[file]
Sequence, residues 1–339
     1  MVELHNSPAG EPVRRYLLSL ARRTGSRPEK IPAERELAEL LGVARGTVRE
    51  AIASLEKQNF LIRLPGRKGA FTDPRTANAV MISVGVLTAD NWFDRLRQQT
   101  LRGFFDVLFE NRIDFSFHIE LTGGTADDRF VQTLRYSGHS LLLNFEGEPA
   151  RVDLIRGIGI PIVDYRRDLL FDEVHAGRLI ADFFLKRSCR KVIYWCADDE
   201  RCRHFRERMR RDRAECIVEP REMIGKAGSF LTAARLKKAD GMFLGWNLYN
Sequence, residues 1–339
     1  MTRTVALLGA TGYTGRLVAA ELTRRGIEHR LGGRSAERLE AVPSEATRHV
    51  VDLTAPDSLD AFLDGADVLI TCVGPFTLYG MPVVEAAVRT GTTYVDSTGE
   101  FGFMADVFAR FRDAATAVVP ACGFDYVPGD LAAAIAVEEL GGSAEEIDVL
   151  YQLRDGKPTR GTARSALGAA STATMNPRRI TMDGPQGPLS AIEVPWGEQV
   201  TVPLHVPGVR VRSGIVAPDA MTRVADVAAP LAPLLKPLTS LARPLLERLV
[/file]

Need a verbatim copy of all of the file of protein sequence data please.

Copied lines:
Sequence, residues 1–339
     1  MVELHNSPAG EPVRRYLLSL ARRTGSRPEK IPAERELAEL LGVARGTVRE
    51  AIASLEKQNF LIRLPGRKGA FTDPRTANAV MISVGVLTAD NWFDRLRQQT
   101  LRGFFDVLFE NRIDFSFHIE LTGGTADDRF VQTLRYSGHS LLLNFEGEPA
   151  RVDLIRGIGI PIVDYRRDLL FDEVHAGRLI ADFFLKRSCR KVIYWCADDE
   201  RCRHFRERMR RDRAECIVEP REMIGKAGSF LTAARLKKAD GMFLGWNLYN
Sequence, residues 1–339
     1  MTRTVALLGA TGYTGRLVAA ELTRRGIEHR LGGRSAERLE AVPSEATRHV
    51  VDLTAPDSLD AFLDGADVLI TCVGPFTLYG MPVVEAAVRT GTTYVDSTGE
   101  FGFMADVFAR FRDAATAVVP ACGFDYVPGD LAAAIAVEEL GGSAEEIDVL
   151  YQLRDGKPTR GTARSALGAA STATMNPRRI TMDGPQGPLS AIEVPWGEQV
   201  TVPLHVPGVR VRSGIVAPDA MTRVADVAAP LAPLLKPLTS LARPLLERLV